Japan has overtaken Singapore in the global ranking for the most powerful passport, according to the latest update released by the Henley Passport Index on Wednesday (May 23).
The Japanese passport now offers its citizens visa-free or visa-on-arrival access to a record 189 destinations.
The Singapore passport is in second place, tied with Germany, with a total of 188 destinations accessible without a prior visa.
Coming in third are South Korea, Finland, France, Italy, Spain and Sweden, while the United States and United Kingdom are tied at fourth place.
In an earlier ranking published on Feb 28, Singapore and Japan were tied for the top spot, with visa-free access to 180 destinations. Germany was in second place, with its passport providing visa-free access to 179 destinations.
The index, compiled by global citizenship and residence advisory firm Henley & Partners, said nearly 40 visa-waiver agreements have been signed by governments since the start of the year.
In April, Russia announced that visas would be waived for all travellers with tickets to the upcoming Fifa World Cup in June and July. The country is ranked 47th in the latest ranking, falling from its previous spot at 45th position.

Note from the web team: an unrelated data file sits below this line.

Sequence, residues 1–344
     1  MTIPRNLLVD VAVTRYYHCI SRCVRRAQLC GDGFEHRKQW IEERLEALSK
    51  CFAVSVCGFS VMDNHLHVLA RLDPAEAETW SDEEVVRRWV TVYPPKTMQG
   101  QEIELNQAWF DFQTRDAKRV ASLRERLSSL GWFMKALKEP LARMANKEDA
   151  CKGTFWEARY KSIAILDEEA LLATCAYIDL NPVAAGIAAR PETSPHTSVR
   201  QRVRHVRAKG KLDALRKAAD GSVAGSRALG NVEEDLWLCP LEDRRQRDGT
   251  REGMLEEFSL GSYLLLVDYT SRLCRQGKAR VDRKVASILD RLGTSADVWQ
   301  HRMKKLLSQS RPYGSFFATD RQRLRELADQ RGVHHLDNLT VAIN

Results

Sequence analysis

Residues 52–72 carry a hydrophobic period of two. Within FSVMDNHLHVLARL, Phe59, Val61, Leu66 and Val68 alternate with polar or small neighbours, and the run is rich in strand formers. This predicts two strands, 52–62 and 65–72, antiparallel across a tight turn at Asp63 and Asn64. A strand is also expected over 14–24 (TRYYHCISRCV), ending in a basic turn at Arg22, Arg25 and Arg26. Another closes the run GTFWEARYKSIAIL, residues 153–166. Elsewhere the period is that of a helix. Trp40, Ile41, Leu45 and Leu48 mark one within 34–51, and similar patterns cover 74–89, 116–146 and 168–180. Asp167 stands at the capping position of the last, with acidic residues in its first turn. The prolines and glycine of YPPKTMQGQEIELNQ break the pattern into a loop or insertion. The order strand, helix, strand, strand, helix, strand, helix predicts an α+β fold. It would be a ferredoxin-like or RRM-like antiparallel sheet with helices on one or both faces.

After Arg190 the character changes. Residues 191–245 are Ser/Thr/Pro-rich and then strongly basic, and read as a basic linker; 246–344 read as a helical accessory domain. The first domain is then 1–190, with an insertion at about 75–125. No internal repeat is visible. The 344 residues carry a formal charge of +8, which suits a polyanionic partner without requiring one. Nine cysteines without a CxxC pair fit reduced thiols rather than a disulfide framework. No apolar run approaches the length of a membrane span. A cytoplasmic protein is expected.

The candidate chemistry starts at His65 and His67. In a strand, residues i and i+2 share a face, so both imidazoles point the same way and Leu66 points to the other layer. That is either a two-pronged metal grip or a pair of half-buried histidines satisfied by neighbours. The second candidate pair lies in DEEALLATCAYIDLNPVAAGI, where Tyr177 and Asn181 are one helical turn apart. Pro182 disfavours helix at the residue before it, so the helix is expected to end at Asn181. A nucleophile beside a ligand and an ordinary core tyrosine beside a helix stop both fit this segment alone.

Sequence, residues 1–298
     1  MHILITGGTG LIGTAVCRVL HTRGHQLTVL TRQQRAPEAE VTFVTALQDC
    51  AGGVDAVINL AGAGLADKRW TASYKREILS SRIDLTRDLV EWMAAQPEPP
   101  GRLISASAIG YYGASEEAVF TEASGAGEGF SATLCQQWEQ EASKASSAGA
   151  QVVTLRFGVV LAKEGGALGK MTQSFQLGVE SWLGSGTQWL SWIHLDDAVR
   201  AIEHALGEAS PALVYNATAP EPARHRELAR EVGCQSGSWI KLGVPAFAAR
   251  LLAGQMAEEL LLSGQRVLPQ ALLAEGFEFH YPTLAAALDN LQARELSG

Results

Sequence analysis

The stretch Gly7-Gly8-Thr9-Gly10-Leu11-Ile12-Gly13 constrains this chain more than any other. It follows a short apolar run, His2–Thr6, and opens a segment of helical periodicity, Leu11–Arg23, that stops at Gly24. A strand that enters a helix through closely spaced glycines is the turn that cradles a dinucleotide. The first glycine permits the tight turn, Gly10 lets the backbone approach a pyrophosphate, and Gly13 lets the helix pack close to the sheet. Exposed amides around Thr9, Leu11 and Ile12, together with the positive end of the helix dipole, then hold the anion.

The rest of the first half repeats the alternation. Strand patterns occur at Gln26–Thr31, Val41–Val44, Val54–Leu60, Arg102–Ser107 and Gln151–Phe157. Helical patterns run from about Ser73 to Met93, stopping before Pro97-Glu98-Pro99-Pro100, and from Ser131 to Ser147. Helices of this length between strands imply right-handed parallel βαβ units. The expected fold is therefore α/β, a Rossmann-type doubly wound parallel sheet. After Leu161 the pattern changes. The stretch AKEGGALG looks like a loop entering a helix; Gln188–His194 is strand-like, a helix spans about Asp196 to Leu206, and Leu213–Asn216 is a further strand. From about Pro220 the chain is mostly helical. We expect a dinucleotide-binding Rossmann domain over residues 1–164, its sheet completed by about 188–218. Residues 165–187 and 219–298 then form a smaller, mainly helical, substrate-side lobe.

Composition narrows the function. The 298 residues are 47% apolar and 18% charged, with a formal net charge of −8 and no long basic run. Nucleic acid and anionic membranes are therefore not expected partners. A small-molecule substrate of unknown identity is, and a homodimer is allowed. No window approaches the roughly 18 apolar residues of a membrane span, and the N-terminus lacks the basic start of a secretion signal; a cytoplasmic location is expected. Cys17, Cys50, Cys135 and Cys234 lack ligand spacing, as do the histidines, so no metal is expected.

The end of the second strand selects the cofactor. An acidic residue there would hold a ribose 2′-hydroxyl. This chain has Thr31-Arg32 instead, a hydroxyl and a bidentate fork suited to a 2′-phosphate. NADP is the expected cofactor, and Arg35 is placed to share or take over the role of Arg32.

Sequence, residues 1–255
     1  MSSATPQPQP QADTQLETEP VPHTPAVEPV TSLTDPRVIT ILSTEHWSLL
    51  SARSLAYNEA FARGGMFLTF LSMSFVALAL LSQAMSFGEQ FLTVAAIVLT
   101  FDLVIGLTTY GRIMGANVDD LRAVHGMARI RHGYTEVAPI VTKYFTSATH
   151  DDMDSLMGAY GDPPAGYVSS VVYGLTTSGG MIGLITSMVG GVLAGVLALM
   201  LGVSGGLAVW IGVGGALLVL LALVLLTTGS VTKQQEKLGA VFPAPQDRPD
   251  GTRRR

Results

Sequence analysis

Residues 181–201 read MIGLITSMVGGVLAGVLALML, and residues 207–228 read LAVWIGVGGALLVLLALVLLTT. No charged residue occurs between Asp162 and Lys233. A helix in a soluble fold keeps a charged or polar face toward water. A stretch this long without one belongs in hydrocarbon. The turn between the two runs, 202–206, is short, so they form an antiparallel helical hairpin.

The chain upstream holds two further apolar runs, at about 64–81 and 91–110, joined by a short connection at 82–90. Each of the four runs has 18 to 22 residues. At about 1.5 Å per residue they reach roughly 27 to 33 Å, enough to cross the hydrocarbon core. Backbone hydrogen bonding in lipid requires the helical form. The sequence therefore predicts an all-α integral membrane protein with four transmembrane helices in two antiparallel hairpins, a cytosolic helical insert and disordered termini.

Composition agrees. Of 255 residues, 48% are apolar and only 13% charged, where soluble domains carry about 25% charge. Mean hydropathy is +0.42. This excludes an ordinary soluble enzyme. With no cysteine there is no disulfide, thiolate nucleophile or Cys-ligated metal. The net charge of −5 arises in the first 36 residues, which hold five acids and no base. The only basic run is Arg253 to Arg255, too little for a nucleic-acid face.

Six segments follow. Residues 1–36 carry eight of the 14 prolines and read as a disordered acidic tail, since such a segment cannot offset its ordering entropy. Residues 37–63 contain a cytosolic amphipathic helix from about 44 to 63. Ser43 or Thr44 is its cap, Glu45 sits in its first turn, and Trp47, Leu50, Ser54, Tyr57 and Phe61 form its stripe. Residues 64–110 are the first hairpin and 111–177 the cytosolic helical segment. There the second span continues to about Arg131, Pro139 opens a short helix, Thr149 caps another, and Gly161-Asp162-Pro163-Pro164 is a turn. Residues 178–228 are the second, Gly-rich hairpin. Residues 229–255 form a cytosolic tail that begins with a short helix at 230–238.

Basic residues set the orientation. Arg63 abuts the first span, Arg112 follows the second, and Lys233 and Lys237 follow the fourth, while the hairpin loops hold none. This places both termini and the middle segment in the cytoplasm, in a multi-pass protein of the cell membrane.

The fastest overall climber on the list is the United Arab Emirates (UAE), currently in 23rd place. The country has climbed 38 places on the ranking since 2008.
The UAE’s rise came after the country secured more new visa-waivers “than any other jurisdiction in the world” this year, said Henley & Partners.
The Henley Passport Index is formulated based on data from the International Air Transport Association, which maintains the world’s largest database of travel information. Additional research was also used to supplement the index.
The index surveyed a total of 199 different passports against 227 different travel destinations, including countries, territories, and micro-states.
In a rival ranking by Arton Capital updated in April, the Singapore passport was ranked the most powerful in the world with a visa-free score of 164.
The firm’s latest index ranked South Korea second, with a score of 163, and Germany and Japan tied in third place with a score of 161.